• Home
  • |
  • Blog
  • |
  • Voicemail For Therapists: 6 ways to improve your message and hang on to that client

Voicemail For Therapists: 6 ways to improve your message and hang on to that client

It's impossible to be available to answer the phone when a potential client calls. But first impressions really do matter.

So if you're a therapist, how can you ensure your voicemail message leaves the right impression and encourages them to actually leave a message?

Well, here are 6 ways to improve your voicemail message so you don't lose that client without even knowing it. 


Are you losing clients without even knowing it?

Some time ago, I ran the Lincoln Counsellors Network which was basically a chance for therapists in the area to meet up and connect with peers. 

We got together once a month, had a monthly subject to discuss, had guests come and share their expertise. And then we went for lunch. 

I loved the Lincoln Counsellors Network!

From time to time, I’d contact local therapists to invite them along.

And I can't tell you how often I’d call and no one answered, leaving the phone to just kept ringing.

Or there would be no answer, and then the generic message that came with the phone would click on. 

Which I guess doesn't really matter when friends or someone you know calls. 

But imagine you are feeling troubled and need some help. 

Maybe you've nervously browsed the web to find a therapist you like the look of - one that has both experience in the issues you're dealing with and also seems approachable and warm.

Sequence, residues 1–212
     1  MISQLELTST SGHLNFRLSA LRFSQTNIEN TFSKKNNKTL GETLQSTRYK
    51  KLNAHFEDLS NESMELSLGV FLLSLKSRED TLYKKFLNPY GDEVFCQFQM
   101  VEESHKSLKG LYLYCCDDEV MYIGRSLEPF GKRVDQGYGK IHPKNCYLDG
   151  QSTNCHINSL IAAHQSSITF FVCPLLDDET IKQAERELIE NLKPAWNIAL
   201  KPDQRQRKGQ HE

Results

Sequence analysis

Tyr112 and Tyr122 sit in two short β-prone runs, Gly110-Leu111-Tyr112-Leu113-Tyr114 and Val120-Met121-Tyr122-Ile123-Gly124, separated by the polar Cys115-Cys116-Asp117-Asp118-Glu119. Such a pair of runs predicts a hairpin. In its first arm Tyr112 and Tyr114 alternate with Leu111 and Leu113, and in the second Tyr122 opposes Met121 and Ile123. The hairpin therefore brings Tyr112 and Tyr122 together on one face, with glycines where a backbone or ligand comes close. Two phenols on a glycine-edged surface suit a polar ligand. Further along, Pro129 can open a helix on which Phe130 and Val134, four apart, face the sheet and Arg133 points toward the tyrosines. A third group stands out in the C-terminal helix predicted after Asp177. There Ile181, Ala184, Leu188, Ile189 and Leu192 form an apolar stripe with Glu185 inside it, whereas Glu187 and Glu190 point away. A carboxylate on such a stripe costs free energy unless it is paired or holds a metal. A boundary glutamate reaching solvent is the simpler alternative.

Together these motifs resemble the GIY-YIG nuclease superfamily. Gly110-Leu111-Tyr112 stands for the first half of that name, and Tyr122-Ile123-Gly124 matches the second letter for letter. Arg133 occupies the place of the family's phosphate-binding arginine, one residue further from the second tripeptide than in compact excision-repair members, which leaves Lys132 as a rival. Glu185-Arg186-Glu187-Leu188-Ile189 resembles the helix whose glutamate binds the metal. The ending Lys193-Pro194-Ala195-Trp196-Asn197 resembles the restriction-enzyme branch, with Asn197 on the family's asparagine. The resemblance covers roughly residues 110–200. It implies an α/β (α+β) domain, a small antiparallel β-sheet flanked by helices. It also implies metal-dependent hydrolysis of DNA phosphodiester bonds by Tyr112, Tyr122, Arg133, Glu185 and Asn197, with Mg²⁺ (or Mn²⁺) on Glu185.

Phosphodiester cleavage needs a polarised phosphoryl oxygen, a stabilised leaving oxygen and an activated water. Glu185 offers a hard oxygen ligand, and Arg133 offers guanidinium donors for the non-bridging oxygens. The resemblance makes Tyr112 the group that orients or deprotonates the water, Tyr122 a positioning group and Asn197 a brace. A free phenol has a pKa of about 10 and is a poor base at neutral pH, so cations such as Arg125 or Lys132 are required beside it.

It might take a while to pluck up the courage to call that number.

Maybe you've kept the number in your diary for a couple of weeks, and every time you go to dial the number your hands shake and you put the phone back down again.  

Until eventually, you pluck up the courage to ring and make an appointment and nervously dial the number…

Ring ring.

No answer. Oh.


Ring ring

No answer, then generic mobile phone voicemail message. Oh!

Do you leave a message, not really knowing if your confidential, personal message will get to the right person?

Well, I wouldn't!

No, you feel let down and go to the next person on your list.

So you could be losing clients without even knowing it. Ouch! 

Another head/desk moment

First impressions matter

Your client is looking for a safe place to go and talk through their difficulties. It's the job of the therapist to make this process as easy and welcoming for them as possible.